One of the biggest problems with the switch had to do with the image of TNA overall: When TNA first started out, the booking, great talent, and excellence on every level, from the X-Division to the Knockouts division to the Main Event, built them a reputation as a good alternative to the mainstream WWE style of Sports Entertainment. A lot of this was because of the fact that TNA emphasized the wrestling over the showy drama, which was still there but definitely less so than 'E. Apart of this alternative style was the use of their six-sided ring, which became an iconic piece of TNA's image over the years. Then along came Vince Russo, who booked the Knockout and X divisions into oblivion and booked the entire show around the soap-opera drama storylines as well as ex-WWE superstars, namely Kurt Angle. This wound up turning what was once a great alternative to the WWE into "WWE-Lite." Still, it was the only other major promotion out there and the six-sided ring was still the stage on which the show was set. Cue Hogan, and that iconic six-sided ring was replaced with a four-sided ring that basically eliminated any differences between the crappy WWE shows and the crappy TNA shows.
TNA also made the brilliant decision to reenact the Monday Night Wars in the first half of 2010, despite the fact that they have consistently struggled to gain a fifth of the ratings WWE gets on its worst days. This in itself was merely a poor business decision, but the angles that were run at the time were easily the worst angles in years, including the Badass Decay of Abyss reaching its low point, Orlando Jordan's bisexuality becoming an angle, Ric Flair and Hogan's WWE Hall of Fame rings becoming more valuable that the actual TNA Championship, Bubba the Love Sponge being there at all, Tag Team Championship reigns so bad they've made the title worthless, and the recreation of the nWo even though everyone involved is over the hill. Within six months, TNA had to switch back to Thursday nights, and actually lost viewers in the long run due to this decision.
Not to mention that even though they aired Impact on Mondays, it also aired in it's original Thursday timeslot, meaning watching on Monday's was pretty much optional. Contrast to the original Monday Night Wars, in which both shows were on Monday with Nitro replayed at midnight.
That Orlando Jordan bit is ridiculous enough to warrant elaboration. To summarize, Jordan was repackaged with a new gimmick that would bring his real life bisexuality into play. The only problem? Instead of being just a badass wrestler who happens to be bi (like CM Punk is a badass wrestler who happens to be straight edge, as a face anyway) Jordan became a disturbing, predatory character similar in subtle ways to Goldust, or a male Lady Gaga. Jordan would actually sexually assault men and women on the roster, most notably So Cal Val, who he molested for several weeks in a row. His antics included spraying lotion all over his chest, wearing a diaper on New Year's Day, and rubbing himself down with a Samoa Joe action figure. They literally do not try to hide the fact that his character was, for all intents and purposes, a rapist. The worst part? He had hoped that his character would inspire real life bisexuals to come out of the closet. Think about that one for a bit.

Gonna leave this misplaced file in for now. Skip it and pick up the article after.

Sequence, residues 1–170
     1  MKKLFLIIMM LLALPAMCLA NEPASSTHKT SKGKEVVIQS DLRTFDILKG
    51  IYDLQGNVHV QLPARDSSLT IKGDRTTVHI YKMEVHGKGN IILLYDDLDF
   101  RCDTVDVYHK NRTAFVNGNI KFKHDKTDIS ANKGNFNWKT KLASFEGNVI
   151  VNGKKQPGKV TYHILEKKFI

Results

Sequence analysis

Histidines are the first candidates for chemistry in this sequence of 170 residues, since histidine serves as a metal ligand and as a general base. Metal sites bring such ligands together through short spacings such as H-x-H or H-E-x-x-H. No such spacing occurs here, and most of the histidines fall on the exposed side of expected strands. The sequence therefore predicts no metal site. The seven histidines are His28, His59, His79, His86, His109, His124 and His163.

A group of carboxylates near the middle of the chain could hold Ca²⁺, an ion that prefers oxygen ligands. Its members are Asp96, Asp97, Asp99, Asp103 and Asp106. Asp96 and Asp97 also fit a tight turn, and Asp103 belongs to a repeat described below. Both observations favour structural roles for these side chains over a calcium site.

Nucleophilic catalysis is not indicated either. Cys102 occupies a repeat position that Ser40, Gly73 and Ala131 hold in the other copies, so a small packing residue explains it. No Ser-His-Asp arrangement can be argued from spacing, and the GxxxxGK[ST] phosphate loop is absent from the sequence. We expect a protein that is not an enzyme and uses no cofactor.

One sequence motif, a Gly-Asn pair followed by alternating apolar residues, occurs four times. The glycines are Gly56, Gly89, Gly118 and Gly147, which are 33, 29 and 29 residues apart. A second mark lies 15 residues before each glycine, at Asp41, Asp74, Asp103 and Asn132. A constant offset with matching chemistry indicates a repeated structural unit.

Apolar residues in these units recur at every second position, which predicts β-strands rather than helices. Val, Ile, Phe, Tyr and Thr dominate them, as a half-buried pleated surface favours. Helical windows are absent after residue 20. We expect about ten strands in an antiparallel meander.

The nWo reformed yet again under the name The Band. Despite the fact that Scott Hall and X-Pac have gone down the spiral of drug abuse so far that any sane company would think that hiring two 40-year-old geriatrics like them would be moronic. Not only were Hall and X-Pac hired, they won the Tag Team Championships.
As bad as the Band being Tag Team Champions was, the return of the Nasty Boys made Hall and X-Pac look like the second coming of the Rockers. They couldn't move before, but now they were so damaged they couldn't even bump. Did TNA honestly think these clowns were the guys who were needed to win their stupid Monday Night War reenactment?
Bubba the Love Sponge's stint in TNA is regarded by many as the low point in TNA's history. He repeatedly said as many offensive comments as possible, culminating in his infamous quote about the Haitian earthquake
This comment was so offensive, TNA Knockout Awesome Kong beat the crap out of Bubba, and the incident is largely believed to be the reason she was fired.
Bubba's actions afterward, which consisted of deliberately setting up Kong to appear on a "rival" radio show, only to ambush and harass her with a multitude of racial slurs and other insults, eventually got him booted from the company. On the plus side, Bubba's last real appearance on TNA ended with Mick Foley punching him in the face.
Hulk Hogan is on crutches, and would be ill advised to wrestle again. Abyss has never gotten a clean win in the past several months. Eric Bischoff isn't a wrestler. Jeff Jarrett is a dinosaur. Kevin Nash finally retired, so he won't be back. And Jeff Hardy turning heel makes absolutely no sense, was done with no foreshadowing, and Jeff hasn't been a heel since he was in the Brood a dozen years ago. Not to mention that there are already two factions in TNA EV 2.0 and Fourtune, both of which have more members...and both, even EV 2.0, have better wrestlers. What a great idea.